Nottingham - Teenage Australia debutant Ashton Agar fell agonisingly short of
becoming the first Test match No 11 to score a century as he frustrated
England with a record-breaking 98 on the second day of the Ashes opener
at Trent Bridge on Thursday.
It seemed England would have a
commanding first innings lead as Australia collapsed to 117 for nine in
reply to the Ashes-holders' first innings 215.
Agar went on to make the highest score by any Test No 11, surpassing
Tino Best's 95 for the West Indies against England at Edgbaston last
Together with fellow left-hander Phil Hughes (81 not out),
Agar shared a 10th wicket Test record partnership of 163 to take
Australia to 280.
That topped the previous last wicket record
stand of 151 held jointly by Brian Hastings and Richard Collinge for New
Zealand against Pakistan at Auckland in 1972/73 and Azhar Mahmood and
Mushtaq Ahmed for Pakistan against South Africa at Rawalpindi in
Left-arm paceman Mitchell Starc then followed up by
taking two wickets in successive balls to leave England floundering at
11 for two.
But England captain Alastair Cook (37 not out) and
Kevin Pietersen (35 not out) rebuilt the innings with an unbroken stand
of 69 that left the hosts 80 for two at stumps -- a lead of 15 runs.
I walked to the crease I was thinking we were in a little bit of
trouble but the wicket was good," Agar told BBC Radio's Test Match
Special after stumps.
"I have always tried to play freely and
naturally and I don't really get too nervous. There are a lot of people
who would love to be doing what I'm doing."
Thursday on 75 for four, a deficit of 140 runs, after an overcast first
day where seamer Peter Siddle rocked England with five for 50.
Thursday saw sunshine and blue skies which promised better batting
conditions for Steven Smith, 38 not out overnight, and Hughes.
Anderson, who on Wednesday had gone past England fast bowling great
Fred Trueman's record of 307 Test wickets, made the breakthrough
Thursday on his way to an innings return of five wickets fir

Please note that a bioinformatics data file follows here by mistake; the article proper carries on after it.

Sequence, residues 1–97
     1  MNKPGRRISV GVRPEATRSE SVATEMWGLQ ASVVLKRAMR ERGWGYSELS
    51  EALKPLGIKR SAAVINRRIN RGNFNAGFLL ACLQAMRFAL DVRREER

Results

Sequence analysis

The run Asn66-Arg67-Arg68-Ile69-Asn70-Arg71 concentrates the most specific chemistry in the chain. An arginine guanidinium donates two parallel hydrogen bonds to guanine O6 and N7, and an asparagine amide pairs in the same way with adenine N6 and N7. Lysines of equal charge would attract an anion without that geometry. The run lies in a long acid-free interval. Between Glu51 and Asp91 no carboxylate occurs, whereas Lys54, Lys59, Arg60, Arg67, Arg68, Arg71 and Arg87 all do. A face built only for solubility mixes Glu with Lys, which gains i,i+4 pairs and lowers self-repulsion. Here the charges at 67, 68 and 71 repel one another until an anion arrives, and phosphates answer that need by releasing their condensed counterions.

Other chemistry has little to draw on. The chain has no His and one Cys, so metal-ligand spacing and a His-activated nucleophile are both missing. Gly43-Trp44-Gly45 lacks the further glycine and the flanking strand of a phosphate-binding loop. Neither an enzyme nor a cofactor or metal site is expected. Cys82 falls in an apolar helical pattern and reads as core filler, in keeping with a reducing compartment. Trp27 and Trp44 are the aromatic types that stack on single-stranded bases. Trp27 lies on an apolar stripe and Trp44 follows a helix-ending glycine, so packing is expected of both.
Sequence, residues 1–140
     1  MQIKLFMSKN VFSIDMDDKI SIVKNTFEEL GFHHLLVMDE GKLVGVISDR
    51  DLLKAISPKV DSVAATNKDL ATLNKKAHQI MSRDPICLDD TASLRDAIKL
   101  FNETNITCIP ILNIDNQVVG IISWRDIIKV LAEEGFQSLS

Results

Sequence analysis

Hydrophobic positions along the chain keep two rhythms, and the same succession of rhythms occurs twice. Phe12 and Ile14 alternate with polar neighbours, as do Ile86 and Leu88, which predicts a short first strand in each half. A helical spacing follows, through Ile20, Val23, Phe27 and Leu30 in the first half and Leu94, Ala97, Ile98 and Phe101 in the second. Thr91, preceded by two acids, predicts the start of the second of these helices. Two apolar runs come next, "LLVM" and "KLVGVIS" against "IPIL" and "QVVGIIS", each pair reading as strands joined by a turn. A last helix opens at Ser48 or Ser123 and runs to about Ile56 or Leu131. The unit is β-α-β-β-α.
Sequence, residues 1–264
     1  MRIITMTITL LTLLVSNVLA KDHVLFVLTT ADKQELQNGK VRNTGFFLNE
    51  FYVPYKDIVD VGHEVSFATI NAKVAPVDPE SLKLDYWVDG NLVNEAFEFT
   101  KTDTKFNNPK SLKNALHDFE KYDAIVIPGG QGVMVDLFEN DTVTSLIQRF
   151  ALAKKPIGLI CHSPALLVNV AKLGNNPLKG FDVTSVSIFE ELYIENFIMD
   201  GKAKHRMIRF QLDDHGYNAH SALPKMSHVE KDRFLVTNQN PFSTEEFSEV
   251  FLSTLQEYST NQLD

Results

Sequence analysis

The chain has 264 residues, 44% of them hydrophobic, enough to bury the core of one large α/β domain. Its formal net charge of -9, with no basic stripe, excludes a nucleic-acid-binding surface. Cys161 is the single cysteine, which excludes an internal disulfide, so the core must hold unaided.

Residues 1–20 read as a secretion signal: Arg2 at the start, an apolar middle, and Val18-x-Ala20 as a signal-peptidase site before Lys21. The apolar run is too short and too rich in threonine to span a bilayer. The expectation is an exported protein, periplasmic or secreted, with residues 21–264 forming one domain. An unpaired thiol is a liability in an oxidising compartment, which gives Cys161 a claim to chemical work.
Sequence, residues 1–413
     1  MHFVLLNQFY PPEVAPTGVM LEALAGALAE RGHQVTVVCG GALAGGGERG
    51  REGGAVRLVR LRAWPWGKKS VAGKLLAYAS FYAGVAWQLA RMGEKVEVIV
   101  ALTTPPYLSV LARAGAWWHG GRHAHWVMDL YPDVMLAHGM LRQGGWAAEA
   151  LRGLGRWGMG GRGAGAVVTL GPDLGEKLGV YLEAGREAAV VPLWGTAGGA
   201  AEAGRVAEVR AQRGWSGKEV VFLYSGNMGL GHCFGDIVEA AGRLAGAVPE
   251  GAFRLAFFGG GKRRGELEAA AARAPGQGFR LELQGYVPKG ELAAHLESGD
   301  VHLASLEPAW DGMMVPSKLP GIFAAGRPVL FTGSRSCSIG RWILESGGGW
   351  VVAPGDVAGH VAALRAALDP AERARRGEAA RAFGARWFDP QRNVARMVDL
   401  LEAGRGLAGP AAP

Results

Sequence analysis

Smith, driving loosely at Anderson, gaining reverse-swing, was caught behind by wicket-keeper Matt Prior for 53.
This was the start of an Australia collapse that saw five wickets lost for nine runs.
did survive a desperately close stumping appeal from Prior off spinner
Graeme Swann on six, with Australia then 131 for nine -- 84 runs adrift
-- as third umpire Marais Erasmus eventually ruled in his favour.
a shock selection for this Test after playing just 10 first-class
matches for Western Australia with a highest score of 71 not out, then
cashed in with shots reminiscent of India's Yuvraj Singh including two
magnificent straight sixes off Swann.
But, in sight of a century,
Agar -- recently playing club cricket for southern English side Henley
-- pulled Stuart Broad to Swann at deep midwicket to end a
two-and-quarter hour innings of 101 balls including 12 fours and two
"I tried to hit that last ball a little flatter, I was a
little disappointed not to get a hundred but I didn't think I would get
98 when I walked out there so I can't complain too much," Agar said.
then saw Joe Root caught down the legside by wicketkeeper Brad Haddin
off Starc and next ball Jonathan Trott was given not out by Pakistani
umpire Aleem Dar after a raucous lbw appeal.
the decision and, with the technology at his disposal not detecting an
edge, Erasmus instructed the decision be reversed.
Tea was then taken with England 11 for two, a deficit of 54 runs, and Starc on a hat-trick.
But Pietersen survived the hat-trick immediately after the resumption as Starc bowled a wayward delivery.
Cook and Pietersen carefully repaired the damage.
Agar, in his primary role as a left-arm spinner, saw Pietersen, on 25, edge him into Haddin's pads.
next ball Pietersen cover-drove Agar, originally added to the squad as a
'development' player for just the first two Tests, to the boundary as
the bowler found wickets harder to come by than runs.